Further, many of these changes will require employees to actively participate in the open enrollment process this year. For example, employees who participate in health care spending accounts will want to pay particular attention to the amount they elect to contribute to the account, especially if they’re used to paying for adhesive bandages, over-the-counter pain and allergy medicine and cold remedies through their accounts. Because of the “use it or lose it” provisions of these plans, an employee who just elects to contribute the same amount as last year may find he or she has over-estimated, now that over-the-counter remedies are no longer eligible for reimbursement.

Developing a Communication Plan for Employee Open Enrollment

So how do employers notify their participants about the changes? For the short-term, open enrollment materials—such as newsletters, emails, meetings and guides—are a start. In addition, some of the changes noted above require distribution of special notices to employees. These include:

  • Grandfathered health plan notice, stating that the employer believes the plan is grandfathered and therefore exempt from certain provisions of the Health Care Reform Act.
  • Special notice for certain children who aged out, describing a one-time, 30-day enrollment period for adult children who either lost coverage because they “aged out” or who are first becoming eligible because of the changes to the law.
  • Patient protection notice (for non-grandfathered plans), explaining the right to select a PCP from any network provider, and that referrals are not needed for obstetrical or gynecological care received in-network.
  • Lifetime limits notice, stating that limits no longer apply and a one-time, 30-day enrollment period is available to participants who left the plan because they had reached a previous lifetime limit.

These notices are critical for two reasons. First, the penalty for not issuing them can be high—it’s possible that Health and Human Services will opt to apply HIPAA compliance penalties, which involve substantial monetary fines. Second, the one-time enrollment periods will likely extend past the regular open enrollment period, which may be confusing to the affected participants.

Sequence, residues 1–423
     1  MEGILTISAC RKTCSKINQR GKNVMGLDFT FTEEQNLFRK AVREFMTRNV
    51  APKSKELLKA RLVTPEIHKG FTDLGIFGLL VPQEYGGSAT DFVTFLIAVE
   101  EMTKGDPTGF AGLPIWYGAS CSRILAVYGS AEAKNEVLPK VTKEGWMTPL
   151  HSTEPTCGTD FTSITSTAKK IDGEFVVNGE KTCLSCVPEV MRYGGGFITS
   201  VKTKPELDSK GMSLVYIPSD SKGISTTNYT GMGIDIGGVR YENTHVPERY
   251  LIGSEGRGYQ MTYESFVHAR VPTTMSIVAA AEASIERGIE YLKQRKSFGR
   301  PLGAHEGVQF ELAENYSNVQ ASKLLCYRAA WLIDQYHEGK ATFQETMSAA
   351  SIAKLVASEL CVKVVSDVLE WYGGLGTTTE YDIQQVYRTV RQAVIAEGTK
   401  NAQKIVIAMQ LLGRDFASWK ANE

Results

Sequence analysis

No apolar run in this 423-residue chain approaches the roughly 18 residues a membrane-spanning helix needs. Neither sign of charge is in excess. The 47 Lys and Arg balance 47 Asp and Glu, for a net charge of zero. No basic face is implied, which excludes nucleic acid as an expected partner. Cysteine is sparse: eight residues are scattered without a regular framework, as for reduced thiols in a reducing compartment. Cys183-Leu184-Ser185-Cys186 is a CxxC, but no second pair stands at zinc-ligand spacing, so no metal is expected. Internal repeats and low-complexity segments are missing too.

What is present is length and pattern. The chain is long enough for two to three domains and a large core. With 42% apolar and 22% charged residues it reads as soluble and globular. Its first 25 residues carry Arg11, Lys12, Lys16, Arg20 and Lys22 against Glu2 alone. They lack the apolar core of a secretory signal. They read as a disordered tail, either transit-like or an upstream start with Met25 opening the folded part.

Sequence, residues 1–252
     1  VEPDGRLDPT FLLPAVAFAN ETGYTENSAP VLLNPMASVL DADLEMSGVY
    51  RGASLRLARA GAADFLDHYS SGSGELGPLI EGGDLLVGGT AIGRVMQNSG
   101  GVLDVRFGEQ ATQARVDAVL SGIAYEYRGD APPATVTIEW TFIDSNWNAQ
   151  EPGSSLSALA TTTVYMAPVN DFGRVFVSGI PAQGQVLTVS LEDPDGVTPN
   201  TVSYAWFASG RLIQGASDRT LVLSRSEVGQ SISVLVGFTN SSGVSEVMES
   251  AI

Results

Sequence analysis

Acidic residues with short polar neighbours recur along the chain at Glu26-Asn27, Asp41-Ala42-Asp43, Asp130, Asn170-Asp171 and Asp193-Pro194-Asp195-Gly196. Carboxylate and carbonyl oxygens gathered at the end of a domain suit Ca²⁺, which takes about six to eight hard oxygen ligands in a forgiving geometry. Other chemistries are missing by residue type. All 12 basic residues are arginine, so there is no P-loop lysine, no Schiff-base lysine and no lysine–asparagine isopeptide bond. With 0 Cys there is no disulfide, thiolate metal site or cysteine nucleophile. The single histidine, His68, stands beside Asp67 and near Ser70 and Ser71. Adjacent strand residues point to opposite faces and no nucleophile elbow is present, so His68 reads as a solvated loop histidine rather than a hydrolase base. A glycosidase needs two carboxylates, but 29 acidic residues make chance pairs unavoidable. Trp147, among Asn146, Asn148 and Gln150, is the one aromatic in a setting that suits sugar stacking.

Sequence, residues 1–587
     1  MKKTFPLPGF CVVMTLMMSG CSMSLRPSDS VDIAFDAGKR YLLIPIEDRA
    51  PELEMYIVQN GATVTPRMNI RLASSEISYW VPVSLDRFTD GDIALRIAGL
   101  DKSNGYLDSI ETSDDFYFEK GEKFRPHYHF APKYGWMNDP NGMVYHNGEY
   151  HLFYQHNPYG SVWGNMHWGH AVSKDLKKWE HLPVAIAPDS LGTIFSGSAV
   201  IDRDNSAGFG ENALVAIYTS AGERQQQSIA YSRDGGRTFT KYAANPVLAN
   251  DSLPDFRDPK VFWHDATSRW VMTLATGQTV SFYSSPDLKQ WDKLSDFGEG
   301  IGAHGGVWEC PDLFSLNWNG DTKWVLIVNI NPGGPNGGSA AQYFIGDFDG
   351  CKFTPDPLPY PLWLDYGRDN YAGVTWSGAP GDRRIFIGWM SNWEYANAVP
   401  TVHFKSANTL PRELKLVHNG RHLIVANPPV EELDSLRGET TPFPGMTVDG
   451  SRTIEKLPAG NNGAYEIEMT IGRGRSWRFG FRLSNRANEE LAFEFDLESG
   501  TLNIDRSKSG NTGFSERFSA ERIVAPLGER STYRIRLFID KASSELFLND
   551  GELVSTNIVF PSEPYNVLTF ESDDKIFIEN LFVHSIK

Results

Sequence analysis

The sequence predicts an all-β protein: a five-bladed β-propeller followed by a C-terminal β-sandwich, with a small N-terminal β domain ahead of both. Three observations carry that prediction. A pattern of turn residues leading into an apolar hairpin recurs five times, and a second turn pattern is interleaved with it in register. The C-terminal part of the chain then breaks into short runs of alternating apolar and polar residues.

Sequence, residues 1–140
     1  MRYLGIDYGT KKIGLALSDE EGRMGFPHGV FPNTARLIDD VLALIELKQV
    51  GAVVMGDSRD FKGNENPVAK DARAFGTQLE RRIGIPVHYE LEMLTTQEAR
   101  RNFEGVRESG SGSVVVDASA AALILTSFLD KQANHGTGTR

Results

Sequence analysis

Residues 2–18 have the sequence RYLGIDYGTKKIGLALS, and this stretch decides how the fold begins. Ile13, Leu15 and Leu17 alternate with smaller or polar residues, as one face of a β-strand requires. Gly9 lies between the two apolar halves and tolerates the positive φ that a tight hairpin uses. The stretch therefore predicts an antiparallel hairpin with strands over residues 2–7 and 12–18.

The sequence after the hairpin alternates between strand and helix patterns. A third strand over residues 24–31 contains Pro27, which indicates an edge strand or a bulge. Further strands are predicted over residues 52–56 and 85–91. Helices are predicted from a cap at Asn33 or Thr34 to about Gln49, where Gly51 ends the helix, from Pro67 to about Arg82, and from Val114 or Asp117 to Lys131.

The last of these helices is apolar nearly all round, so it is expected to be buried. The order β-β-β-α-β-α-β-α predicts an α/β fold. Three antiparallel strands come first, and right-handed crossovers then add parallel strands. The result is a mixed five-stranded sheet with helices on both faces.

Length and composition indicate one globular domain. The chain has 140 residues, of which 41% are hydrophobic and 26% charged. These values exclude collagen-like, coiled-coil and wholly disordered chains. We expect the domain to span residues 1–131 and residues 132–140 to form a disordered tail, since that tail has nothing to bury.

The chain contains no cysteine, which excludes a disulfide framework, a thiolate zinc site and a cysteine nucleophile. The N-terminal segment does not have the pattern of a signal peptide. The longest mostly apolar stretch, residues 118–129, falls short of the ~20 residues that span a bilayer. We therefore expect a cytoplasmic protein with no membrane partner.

Plan design changes are typically communicated to plan participants through a summary of material modifications—or SMM. In fact, many employers will make their open enrollment materials serve as an SMM. While this approach certainly meets the immediate need, enrollment materials typically find their way into the trash bin once enrollment is over. Since SMMs are meant to be kept with the plans’ Summary Plan Descriptions (SPDs) until a new, updated SPD is issued, participants run the risk of not having the most current plan information.

With the extent and complexity of the health care changes being made this year, employers should strongly consider updating their SPDs as soon as possible after the beginning of the plan year. Employees need to know that they have an up-to-date reference guide to their benefits that will be around when open enrollment is over.

While stepping up employee communication may add some cost burden to employers, the investment will more than be balanced by employers being in federal compliance while creating a greater level of engagement with their employees.

Regards,

Kim Buckey
Practice Lead, SPD Services, HighRoads